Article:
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Nakajima Homare

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This page is a soft redirect.Nakajima Homare engine #REDIRECTmw:Help:Magic words#Other
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Homare
Type

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This page is a soft redirect. Piston aircraft engine #REDIRECTmw:Help:Magic words#Other
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Manufacturer

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This page is a soft redirect. Nakajima Aircraft Company #REDIRECTmw:Help:Magic words#Other
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Designed by

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This page is a soft redirect. Ryoichi Nakagawa #REDIRECTmw:Help:Magic words#Other
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First run

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This page is a soft redirect. 1941 #REDIRECTmw:Help:Magic words#Other
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Major applications

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This page is a soft redirect. Nakajima Ki-84, Kawanishi N1K-J, Yokosuka P1Y, Nakajima C6N #REDIRECTmw:Help:Magic words#Other
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Number built

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This page is a soft redirect. 9,089 [1] #REDIRECTmw:Help:Magic words#Other
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Developed from

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This page is a soft redirect. Sakae #REDIRECTmw:Help:Magic words#Other
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The Nakajima Homare (誉, "praise" or, more usually, "honour") was an air-cooled twin-row 18 cylinder radial Japanese aircraft engine manufactured during World War II. Producing almost 2,000 horsepower, it was used widely by both the Imperial Japanese Army and the Imperial Japanese Navy. Given the Navy service designation NK9, the "Homare" was also given the company designation NBA, Army experimental designation Ha-45 (ハ45) or, Army long designation Nakajima Army Type 4 1,900 hp Air-Cooled Radial and, (coincidentally), unified designation code of Ha-45.[2]

Design and development

Development of the Homare started in 1940, and certification was completed in 1941. It succeeded Nakajima's previous 14 cylinder Sakae (Ha-25) engine, which had its own forward seven cylinders staggered from the rear seven for efficient cooling.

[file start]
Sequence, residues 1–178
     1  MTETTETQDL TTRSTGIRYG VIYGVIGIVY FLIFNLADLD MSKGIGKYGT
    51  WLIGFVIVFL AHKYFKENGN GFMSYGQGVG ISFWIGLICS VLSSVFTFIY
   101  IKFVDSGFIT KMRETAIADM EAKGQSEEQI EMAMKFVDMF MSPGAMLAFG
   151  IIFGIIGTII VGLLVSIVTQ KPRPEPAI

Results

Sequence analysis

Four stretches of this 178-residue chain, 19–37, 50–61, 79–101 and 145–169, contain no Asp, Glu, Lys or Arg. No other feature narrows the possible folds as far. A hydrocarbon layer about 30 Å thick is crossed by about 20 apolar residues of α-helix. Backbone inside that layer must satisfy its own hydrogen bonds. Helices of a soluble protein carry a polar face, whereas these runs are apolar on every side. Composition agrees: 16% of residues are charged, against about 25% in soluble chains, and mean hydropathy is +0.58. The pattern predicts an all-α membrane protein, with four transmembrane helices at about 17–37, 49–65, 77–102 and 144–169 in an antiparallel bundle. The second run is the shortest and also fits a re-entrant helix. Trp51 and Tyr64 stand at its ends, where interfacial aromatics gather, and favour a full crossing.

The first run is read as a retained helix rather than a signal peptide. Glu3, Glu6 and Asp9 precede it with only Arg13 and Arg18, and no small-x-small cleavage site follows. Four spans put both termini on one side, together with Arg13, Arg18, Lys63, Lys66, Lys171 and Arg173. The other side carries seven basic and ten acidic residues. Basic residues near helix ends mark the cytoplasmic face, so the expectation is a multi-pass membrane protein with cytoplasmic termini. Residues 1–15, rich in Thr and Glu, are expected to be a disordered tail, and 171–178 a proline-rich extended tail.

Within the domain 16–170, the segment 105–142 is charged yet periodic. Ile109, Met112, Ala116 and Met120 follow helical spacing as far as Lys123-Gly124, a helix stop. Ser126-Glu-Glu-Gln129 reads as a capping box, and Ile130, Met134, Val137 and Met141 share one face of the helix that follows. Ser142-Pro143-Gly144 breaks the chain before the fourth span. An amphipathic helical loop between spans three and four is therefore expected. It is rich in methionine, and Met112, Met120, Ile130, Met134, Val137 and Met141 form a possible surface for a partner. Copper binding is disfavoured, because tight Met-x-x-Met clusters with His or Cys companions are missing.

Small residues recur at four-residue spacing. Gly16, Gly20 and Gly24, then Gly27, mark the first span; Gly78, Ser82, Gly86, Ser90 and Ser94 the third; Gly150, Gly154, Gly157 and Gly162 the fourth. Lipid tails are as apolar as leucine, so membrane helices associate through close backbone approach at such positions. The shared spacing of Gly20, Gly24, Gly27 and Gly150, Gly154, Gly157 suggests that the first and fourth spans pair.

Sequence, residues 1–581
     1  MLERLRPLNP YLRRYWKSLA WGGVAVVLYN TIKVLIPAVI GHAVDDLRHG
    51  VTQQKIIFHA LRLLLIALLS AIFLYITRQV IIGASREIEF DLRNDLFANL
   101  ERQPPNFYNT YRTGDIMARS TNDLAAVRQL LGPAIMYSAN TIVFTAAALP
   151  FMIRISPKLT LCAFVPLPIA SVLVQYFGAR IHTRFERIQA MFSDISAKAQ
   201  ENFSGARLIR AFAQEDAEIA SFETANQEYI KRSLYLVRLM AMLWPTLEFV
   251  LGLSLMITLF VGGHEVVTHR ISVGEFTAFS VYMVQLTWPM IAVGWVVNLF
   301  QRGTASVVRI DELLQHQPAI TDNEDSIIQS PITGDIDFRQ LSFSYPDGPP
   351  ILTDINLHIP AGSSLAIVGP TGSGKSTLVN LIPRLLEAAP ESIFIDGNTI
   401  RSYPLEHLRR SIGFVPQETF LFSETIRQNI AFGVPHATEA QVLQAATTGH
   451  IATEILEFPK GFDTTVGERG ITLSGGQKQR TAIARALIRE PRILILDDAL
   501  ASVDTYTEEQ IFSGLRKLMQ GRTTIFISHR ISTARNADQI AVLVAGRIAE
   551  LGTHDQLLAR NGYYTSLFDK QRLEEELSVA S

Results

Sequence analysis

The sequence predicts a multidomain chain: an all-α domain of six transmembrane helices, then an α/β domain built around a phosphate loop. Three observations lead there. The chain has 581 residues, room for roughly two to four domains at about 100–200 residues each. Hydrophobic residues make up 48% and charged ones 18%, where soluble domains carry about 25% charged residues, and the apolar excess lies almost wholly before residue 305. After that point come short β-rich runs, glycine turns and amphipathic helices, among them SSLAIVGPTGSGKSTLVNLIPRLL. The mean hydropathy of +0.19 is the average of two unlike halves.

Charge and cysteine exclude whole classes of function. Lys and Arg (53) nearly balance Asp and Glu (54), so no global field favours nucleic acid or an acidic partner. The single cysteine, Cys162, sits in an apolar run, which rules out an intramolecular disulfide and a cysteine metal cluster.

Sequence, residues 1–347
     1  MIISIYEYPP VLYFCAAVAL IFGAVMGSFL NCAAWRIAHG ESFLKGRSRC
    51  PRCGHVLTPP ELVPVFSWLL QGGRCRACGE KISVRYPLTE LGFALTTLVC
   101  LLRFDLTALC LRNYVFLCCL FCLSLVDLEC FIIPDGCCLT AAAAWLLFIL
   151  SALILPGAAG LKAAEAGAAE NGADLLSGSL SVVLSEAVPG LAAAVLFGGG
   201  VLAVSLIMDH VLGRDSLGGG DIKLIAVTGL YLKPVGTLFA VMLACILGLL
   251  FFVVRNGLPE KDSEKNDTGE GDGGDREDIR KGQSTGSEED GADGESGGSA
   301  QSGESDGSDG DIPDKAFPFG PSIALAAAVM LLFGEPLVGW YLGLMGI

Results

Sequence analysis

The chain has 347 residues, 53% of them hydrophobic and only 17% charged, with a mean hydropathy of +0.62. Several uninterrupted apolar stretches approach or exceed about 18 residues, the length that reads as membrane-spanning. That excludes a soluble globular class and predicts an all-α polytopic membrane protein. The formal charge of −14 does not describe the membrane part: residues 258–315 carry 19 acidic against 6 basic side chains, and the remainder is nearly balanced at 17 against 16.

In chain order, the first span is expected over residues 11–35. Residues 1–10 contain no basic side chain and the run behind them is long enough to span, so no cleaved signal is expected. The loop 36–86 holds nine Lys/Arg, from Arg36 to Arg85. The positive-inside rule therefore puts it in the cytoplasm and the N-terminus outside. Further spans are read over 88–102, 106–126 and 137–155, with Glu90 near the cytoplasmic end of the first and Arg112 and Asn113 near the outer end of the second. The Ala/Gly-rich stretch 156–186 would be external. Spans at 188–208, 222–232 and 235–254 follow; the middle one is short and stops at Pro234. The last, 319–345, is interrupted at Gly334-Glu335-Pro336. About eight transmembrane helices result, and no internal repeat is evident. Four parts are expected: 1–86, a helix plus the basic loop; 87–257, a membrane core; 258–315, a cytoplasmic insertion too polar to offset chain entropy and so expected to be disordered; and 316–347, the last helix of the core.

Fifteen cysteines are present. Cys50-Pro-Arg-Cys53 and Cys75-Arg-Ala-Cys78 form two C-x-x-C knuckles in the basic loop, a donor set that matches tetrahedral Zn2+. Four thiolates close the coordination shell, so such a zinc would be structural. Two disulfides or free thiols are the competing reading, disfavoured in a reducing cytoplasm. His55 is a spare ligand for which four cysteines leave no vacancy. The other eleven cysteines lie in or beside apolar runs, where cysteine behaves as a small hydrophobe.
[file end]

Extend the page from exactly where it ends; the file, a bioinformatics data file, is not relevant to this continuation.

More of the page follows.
The design was exceptionally compact, with an external diameter of 118 cm, a mere 3 cm larger than the Sakae. With a bore and stroke of 130 mm x 150 mm, it was classified as a short-stroke engine. It was designed to output around 1800 hp (1340 kW), or 100 hp (75 kW) per cylinder. However, the tight design of the engine made it difficult to maintain quality in manufacturing, and unreliability in the field was a significant problem; actual output of early models at altitude was in the range of 1300 hp (970 kW), far below the designed capability. Later models had improved performance, and it became one of the predominant powerplants of Japanese military aircraft in the latter part of the war. A total of 9089 [1] were produced.

Variants

  • Homare 11 - 1,650 hp (1,230 kW), 1,820 hp (1,357 kW), 1,900 hp (1,417 kW)
  • Homare 12 - 1,825 hp (1,361 kW)
  • Homare 21 - 1,990 hp (1,484 kW)
  • Homare 23 - 2,000 hp (1,491 kW)

Applications

Specifications

Data from TAIC Manual [3]

General characteristics

  • Type: 18-cylinder air-cooled twin-row radial engine
  • Bore: 130 mm (5.12 in)
  • Stroke: 150 mm (5.91 in)
  • Displacement: 35.8 L (2187 in³)
  • Length: 1,778 mm (70 in)
  • Diameter: 1,180 mm (46.5 in)
  • Dry weight: 810 kg (1,785 lb)

Components

  • Valvetrain: push rod operated overhead-valve system with 2 valves per cylinder
  • Supercharger: Two-speed single stage centrifugal
  • Fuel system: 2 BBL. D.D. Float Carb.
  • Fuel type: 92 Octane + ADI
  • Cooling system: Air-cooled

Performance

See also

Comparable engines
Related lists

References

Notes

  1. ^ a b USSBS 1947, p. 23 tab.14
  2. ^ Gunston 1989, p.105.
  3. ^ OPNAV-16-VT#301, p. 859

Bibliography

  • Jane's Fighting Aircraft of World War II. London. Studio Editions Ltd, 1998. ISBN 0-517-67964-7
  • Gunston, Bill. World Encyclopaedia of Aero Engines. Cambridge, England. Patrick Stephens Limited, 1989. ISBN 1-85260-163-9
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